to real training with AX and A outcome trials
intermixed (Chapman, 1991; see also Melchers
et al., 2004). Urcelay et al.’s simple design (training
consisted of only three types of trial) may have
rendered rehearsing particularly easy. This process
may thus have prompted participants to infer
during Phase 2 that it must have been the target
cue X that was preventing the outcome from
happening during Phase 1; thus, the formation of
an inhibitory association between X and the
outcome could be readily explained.
Structural versus causal and elemental versus
configural
Although we did not find that our cover story
could switch ratings of the target cues from posi-
tive mediation to negative mediation, we observed
that the positive mediation effect was largest when
the structural task was used, whereas negative
mediation was largest when the causal task was
used. Although, as we mentioned in the
Introduction, the symptoms disease task could
be understood as a diagnostic task, this possibility
seems unlikely in our study. On the one hand,
there are no reports in the contingency judgement
literature that suggest the possibility of positive
mediation in a diagnostic setting (just failures or
difficulties to obtain negative mediation; Tangen
& Allan, 2004; Waldmann, 2000; Waldmann &
Holyoak, 1992). On the other hand, our instruc-
tions emphasized a structural relationship
between the cues and the outcome. Participants
had to learn how the cues and the outcome were
“related” and to rate the likelihood of each cue
being “indicative” of the outcome; cause effect
terms were never used. Thus, under these
circumstances, it seems unlikely that the task was
understood as a diagnostic task; the structural
conceptualization seems to be more adequate.
In a structural relationship, because all of the
events are part of the same entity, it makes sense
to assume that what happens to one element of
the entity can be extended to the other elements;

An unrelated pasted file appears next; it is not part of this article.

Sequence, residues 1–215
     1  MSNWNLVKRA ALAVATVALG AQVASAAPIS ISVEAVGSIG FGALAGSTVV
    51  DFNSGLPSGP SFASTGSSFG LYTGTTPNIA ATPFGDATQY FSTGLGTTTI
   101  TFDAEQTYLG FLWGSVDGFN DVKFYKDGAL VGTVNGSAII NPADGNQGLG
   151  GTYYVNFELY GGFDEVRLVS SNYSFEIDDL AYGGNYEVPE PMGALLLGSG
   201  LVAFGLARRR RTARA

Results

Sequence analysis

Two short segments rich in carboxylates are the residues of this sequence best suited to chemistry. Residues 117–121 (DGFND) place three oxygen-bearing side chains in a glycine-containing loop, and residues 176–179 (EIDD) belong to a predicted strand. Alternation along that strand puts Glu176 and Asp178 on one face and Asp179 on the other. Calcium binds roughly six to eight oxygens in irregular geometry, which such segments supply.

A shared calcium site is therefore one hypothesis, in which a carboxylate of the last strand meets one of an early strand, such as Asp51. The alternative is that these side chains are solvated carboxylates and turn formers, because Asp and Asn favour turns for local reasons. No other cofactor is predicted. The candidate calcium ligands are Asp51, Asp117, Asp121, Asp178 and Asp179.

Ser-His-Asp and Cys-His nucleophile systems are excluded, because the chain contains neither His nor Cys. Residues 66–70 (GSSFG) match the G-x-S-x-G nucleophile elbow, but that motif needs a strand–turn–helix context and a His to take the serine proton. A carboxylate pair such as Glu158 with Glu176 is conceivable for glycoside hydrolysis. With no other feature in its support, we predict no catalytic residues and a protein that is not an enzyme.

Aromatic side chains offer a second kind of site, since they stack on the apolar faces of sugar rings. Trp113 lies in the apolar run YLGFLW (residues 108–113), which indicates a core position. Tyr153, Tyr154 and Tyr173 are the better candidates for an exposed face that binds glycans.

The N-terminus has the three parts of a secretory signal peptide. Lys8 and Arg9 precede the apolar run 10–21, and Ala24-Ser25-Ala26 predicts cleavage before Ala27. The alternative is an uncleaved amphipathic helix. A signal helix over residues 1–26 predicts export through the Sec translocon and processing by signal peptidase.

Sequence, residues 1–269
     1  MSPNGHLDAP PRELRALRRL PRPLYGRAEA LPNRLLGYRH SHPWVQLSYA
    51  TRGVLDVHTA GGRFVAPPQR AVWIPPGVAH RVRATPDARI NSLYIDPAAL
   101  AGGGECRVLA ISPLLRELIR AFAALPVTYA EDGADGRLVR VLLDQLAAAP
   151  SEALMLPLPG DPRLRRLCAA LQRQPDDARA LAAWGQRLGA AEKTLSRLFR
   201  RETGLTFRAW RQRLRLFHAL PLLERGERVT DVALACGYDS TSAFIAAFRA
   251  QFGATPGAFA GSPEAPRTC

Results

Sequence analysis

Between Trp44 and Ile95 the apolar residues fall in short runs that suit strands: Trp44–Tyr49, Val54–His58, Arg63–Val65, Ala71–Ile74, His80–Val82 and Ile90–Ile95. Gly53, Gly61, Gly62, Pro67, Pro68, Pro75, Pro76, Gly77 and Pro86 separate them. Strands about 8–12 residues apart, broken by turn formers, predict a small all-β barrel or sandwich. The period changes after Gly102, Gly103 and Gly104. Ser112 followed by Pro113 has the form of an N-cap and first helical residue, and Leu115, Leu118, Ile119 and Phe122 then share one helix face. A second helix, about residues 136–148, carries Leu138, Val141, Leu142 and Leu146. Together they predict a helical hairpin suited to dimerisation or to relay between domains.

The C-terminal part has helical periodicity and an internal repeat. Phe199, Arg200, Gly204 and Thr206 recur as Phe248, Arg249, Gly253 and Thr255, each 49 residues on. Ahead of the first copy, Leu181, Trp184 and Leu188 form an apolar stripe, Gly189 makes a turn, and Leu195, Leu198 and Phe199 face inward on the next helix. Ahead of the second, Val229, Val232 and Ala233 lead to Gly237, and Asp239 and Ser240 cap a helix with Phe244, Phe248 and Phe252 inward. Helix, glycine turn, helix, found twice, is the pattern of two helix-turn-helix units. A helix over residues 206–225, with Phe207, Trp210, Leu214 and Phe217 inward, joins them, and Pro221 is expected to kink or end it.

if that is the case, then positive mediation should
be more likely to be observed. On the other
hand, when the scenario entails a causal relation-
ship, several authors have pointed out that
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people normally select one among many potential
causes as the cause of the event (Hesslow, 1983;
Hilton & Slugoski, 1986; Mackie, 1974; McGill,
1989). Discounting of the causal value of one cue
in favour of a stronger cue leads to negative
mediation. But, this process can happen only if
cues within the compound are processed as indi-
vidual and independent elements.
Actually, although negative mediation effects
have been repeatedly observed in human contin-
gency judgements (i.e., Chapman, 1991;
Dickinson & Burke, 1996; Larkin et al., 1998;
Melchers et al., 2004; Shanks, 1985; Wasserman
& Berglan, 1998; Wasserman & Castro, 2005;
Wasserman et al., 1996), there are several studies
that have failed to show this effect (i.e., De
Houwer, Beckers, & Glautier, 2002; Waldmann,
2000; Waldmann & Holyoak, 1992; Williams
et al., 1994). One of the explanations for these
diverse results is that, sometimes, compound cues
can be processed as elements and, other times, as
configurations. Compound cues that are processed
configurally are less subject to negative mediation
than compound cues that are processed elemen-
tally (Williams et al., 1994). In order to find nega-
tive mediation, elemental processing is necessary,
because if the cues are perceived as part of a con-
figuration, then their values might not be
assumed to change independently of each other.
2
Several factors can influence whether two cues
that are presented in compound will be encoded
as two elements or as a unique configuration (for
a review, see Melchers, Shanks, & Lachnit,
2008). If participants are pretrained with elemen-
tally solvable tasks (Mehta & Williams, 2002;
Melchers, Lachnit, U
¨ngo
¨r, & Shanks, 2005a;
Williams et al., 1994) or are given instructions
that encourage them to encode the cues as separate
entities (Williams et al., 1994), elemental encod-
ing, and therefore negative mediation, is more
likely. Grouping and spatial location of the cues
can generate a difference as well. Glautier (2002)
used colours and symbols on cards as cues and
found negative mediation only when the cues
were spatially separated and ungrouped, but not
if they were spatially close together (see also
Livesey & Boakes, 2004). All of these studies
found that an elemental strategy encourages nega-
tive mediation, but none of them reported any
sign of positive mediation when participants
were using a configural strategy. However, a
more recent study by Liljeholm and Balleine
(2009) did report opposite effects. They found
that high similarity and no spatial separation of
the elements of the compound promoted general-
ization between them, so positive mediation was
observed; on the other hand, low similarity and
spatial separation of the elements of the compound
led to negative mediation.
In relation to our study, it is likely that this
difference between elemental and configural
encoding could underlie the effect that the use of
a structural and a causal scenario had: The structural
scenario should probably prompt participants to
process cues configurally whereas the causal scen-
ario should possibly favour an elemental strategy.